Dealing with Training Stress

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Training Stress Explained by my good buddies over at @bros_md

The above graph shows fitness capacity on the y-axis and time on the x-axis.

It can represent a single workout or multiple workouts over time.

The general thought is that we all have a baseline fitness. Whenever we encounter a training stimulus, or stress, we drop below baseline due to fatigue.

Importantly, we physiologically respond very similar to training stress as other types of stress (not sleeping enough, cramming for exams, or making awkward eye contact with a stranger while eating a banana). So these types of stress can also cause negative deviations from baseline.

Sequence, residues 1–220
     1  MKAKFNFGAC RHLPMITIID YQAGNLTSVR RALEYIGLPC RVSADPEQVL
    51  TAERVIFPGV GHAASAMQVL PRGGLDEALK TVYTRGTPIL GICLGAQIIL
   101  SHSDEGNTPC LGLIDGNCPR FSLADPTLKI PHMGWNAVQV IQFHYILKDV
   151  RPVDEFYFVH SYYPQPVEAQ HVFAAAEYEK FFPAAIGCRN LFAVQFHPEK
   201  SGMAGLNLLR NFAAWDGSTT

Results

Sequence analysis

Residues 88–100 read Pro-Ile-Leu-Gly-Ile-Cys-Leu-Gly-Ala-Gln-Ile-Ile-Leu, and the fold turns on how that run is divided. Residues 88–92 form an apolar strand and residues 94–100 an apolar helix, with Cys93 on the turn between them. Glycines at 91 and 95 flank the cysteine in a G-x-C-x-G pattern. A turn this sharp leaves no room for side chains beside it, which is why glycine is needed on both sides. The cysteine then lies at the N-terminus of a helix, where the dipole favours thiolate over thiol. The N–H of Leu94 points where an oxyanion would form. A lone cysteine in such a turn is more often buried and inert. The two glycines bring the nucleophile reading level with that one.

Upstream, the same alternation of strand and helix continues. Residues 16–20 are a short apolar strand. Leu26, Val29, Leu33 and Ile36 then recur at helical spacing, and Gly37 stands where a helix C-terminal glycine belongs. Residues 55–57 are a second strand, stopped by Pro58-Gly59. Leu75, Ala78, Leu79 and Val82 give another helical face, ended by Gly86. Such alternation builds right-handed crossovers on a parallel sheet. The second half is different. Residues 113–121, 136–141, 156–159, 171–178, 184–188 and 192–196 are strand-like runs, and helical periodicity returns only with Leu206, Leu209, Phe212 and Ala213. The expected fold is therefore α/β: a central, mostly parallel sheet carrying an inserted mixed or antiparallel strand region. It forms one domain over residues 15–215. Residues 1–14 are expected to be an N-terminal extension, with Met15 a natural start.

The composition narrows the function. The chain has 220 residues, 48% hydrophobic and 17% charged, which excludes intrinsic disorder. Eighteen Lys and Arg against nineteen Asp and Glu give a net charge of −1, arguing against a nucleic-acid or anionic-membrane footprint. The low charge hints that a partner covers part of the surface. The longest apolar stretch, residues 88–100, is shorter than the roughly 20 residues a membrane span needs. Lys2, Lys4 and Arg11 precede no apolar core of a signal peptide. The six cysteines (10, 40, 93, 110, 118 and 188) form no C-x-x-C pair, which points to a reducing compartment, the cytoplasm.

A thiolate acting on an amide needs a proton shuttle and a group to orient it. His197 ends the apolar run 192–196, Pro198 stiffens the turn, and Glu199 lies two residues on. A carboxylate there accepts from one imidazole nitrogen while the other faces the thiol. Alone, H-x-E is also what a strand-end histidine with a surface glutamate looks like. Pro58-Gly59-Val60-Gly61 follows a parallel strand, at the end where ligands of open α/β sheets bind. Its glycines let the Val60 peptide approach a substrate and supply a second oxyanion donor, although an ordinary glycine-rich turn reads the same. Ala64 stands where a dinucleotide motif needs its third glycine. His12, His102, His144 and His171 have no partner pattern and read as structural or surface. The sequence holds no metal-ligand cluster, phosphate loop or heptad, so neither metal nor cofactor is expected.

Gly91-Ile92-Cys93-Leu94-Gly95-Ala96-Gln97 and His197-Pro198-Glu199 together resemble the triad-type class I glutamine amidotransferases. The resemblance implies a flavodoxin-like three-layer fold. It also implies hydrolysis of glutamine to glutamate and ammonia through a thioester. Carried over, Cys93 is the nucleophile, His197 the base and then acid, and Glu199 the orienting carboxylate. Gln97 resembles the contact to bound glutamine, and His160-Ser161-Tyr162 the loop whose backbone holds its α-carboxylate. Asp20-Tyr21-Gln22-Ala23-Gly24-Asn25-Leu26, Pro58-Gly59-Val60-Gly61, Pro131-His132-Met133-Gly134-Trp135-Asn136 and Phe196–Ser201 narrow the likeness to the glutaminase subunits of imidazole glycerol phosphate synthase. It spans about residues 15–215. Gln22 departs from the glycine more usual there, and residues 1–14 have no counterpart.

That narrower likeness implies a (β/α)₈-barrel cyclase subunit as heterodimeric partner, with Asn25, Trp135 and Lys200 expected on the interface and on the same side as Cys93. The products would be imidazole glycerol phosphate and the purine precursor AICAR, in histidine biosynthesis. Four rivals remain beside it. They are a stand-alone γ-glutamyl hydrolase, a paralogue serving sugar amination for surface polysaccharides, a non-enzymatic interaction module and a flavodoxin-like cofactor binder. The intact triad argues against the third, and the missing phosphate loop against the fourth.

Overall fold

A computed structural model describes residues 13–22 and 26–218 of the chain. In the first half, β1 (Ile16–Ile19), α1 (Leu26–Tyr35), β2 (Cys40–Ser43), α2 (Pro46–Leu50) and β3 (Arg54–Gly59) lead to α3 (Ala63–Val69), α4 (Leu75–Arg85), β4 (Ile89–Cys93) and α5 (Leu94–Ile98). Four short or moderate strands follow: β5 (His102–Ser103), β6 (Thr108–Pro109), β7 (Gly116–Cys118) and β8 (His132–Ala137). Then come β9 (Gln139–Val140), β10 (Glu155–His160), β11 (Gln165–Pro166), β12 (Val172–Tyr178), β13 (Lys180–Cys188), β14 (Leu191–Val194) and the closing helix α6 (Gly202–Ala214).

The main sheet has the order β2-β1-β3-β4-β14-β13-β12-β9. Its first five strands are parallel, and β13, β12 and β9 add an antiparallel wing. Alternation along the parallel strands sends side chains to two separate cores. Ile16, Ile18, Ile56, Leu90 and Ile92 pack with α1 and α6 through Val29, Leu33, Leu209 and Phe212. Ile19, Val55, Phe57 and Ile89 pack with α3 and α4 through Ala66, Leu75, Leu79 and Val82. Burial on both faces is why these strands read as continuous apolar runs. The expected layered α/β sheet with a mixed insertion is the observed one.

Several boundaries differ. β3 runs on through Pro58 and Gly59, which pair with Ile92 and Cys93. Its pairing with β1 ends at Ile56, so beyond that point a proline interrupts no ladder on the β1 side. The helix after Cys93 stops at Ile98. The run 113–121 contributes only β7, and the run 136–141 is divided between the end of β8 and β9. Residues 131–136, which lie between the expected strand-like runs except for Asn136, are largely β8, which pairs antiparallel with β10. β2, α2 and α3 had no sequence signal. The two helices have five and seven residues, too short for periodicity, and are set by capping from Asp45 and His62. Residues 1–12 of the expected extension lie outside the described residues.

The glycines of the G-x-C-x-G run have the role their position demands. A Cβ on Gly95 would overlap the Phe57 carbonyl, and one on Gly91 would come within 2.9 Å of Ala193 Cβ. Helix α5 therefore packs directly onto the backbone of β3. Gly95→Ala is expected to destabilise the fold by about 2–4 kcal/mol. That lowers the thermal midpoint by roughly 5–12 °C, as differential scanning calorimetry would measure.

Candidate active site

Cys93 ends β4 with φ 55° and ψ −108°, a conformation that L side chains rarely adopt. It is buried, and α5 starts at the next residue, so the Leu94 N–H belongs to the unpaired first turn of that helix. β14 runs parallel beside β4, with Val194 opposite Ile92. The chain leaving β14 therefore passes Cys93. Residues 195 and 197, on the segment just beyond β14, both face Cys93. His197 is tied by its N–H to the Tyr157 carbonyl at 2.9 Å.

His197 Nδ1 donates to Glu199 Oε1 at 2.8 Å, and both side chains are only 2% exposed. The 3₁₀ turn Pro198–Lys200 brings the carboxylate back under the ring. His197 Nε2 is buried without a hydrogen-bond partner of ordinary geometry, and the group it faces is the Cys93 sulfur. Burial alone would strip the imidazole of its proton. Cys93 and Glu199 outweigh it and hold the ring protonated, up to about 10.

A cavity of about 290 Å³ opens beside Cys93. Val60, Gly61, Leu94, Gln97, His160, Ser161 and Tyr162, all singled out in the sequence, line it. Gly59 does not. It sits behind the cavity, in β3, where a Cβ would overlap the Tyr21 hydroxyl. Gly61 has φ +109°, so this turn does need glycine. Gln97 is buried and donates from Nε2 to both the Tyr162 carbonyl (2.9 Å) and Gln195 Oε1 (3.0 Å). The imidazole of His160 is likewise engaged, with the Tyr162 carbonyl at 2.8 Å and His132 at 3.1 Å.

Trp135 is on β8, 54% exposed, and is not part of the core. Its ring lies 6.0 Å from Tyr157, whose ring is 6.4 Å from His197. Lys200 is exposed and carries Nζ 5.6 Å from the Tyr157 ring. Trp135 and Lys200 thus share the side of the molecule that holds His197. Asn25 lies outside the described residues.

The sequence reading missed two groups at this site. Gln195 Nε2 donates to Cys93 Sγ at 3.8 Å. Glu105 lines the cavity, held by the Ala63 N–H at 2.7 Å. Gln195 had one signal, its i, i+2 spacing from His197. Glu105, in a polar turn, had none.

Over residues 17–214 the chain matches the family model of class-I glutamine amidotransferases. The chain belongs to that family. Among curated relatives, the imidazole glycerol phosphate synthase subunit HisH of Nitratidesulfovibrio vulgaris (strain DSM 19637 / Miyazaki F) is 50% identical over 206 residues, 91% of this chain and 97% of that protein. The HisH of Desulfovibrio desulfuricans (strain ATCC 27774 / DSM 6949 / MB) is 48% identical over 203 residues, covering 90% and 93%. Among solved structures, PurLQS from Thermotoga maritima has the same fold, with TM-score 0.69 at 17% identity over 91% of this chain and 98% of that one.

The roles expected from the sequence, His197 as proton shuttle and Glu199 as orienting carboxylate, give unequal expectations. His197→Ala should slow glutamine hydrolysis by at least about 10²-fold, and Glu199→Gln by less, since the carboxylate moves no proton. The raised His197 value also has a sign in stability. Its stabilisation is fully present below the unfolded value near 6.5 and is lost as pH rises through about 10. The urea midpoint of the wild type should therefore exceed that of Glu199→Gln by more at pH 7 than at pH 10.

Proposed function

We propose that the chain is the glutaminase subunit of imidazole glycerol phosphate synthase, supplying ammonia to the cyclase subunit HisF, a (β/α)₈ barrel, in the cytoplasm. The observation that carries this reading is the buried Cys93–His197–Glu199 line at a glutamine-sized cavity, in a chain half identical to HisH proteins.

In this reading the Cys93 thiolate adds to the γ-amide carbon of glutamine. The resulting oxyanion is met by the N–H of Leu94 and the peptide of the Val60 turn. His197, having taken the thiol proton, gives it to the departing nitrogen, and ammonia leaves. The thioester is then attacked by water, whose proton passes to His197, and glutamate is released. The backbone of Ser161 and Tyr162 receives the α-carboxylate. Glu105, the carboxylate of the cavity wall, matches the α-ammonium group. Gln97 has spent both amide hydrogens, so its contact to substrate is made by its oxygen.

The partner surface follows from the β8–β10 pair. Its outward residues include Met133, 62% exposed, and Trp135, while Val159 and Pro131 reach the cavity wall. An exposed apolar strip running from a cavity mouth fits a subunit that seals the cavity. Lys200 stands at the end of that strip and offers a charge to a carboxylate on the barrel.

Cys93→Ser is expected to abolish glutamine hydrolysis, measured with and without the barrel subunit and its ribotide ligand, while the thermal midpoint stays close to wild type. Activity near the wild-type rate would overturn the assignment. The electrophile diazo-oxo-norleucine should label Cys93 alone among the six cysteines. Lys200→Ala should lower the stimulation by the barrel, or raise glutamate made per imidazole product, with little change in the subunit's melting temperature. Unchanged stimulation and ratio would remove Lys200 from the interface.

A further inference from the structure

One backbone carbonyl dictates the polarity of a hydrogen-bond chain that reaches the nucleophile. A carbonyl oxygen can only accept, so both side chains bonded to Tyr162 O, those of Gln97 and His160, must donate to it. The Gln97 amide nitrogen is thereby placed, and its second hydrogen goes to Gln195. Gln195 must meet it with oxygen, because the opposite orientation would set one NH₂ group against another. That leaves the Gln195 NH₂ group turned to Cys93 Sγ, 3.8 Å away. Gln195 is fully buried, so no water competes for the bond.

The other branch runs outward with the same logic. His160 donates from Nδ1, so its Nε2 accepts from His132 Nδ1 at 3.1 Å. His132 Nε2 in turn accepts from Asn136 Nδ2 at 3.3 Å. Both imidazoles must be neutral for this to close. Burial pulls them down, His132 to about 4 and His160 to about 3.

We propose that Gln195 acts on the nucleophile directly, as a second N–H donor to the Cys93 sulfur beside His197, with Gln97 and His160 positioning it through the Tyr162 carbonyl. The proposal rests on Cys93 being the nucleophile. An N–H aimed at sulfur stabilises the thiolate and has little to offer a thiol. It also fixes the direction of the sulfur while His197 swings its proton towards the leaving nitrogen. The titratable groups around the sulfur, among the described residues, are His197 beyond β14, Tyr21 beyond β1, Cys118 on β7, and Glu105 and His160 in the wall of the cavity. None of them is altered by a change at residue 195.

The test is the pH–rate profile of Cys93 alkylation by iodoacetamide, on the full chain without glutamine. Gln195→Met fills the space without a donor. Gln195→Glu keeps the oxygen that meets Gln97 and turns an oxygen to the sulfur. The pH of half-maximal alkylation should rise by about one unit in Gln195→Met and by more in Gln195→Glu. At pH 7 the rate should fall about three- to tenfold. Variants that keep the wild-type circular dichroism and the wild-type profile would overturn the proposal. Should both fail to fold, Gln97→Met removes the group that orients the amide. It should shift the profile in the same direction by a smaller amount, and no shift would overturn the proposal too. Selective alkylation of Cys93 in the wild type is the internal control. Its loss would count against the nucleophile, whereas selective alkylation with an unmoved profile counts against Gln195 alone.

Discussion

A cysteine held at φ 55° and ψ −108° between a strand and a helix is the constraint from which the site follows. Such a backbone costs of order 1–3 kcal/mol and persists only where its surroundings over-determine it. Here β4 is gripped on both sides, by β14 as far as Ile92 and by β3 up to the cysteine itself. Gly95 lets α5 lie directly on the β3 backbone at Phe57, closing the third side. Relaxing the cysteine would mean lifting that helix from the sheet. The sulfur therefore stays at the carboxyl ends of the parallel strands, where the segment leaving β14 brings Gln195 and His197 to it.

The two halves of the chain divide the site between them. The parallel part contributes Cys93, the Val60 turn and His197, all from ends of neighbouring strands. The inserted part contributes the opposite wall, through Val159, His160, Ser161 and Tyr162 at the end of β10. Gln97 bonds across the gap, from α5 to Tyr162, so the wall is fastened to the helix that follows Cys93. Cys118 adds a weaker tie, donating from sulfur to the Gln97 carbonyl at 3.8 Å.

Once the training stress has stopped, or diminished, the recovery process begins. This mostly entails rest days, eating, and sleeping and is how we get back to, and beyond, the baseline.

Assuming an adequate training stimulus coupled with proper recovery, we can overshoot the baseline and make it to the land of gains.

These gains can ultimately establish a new baseline, but the cycle of accruing fatigue, followed by proper recovery, is crucial to continuing to make improvements in performance.

 

By: @bros_md

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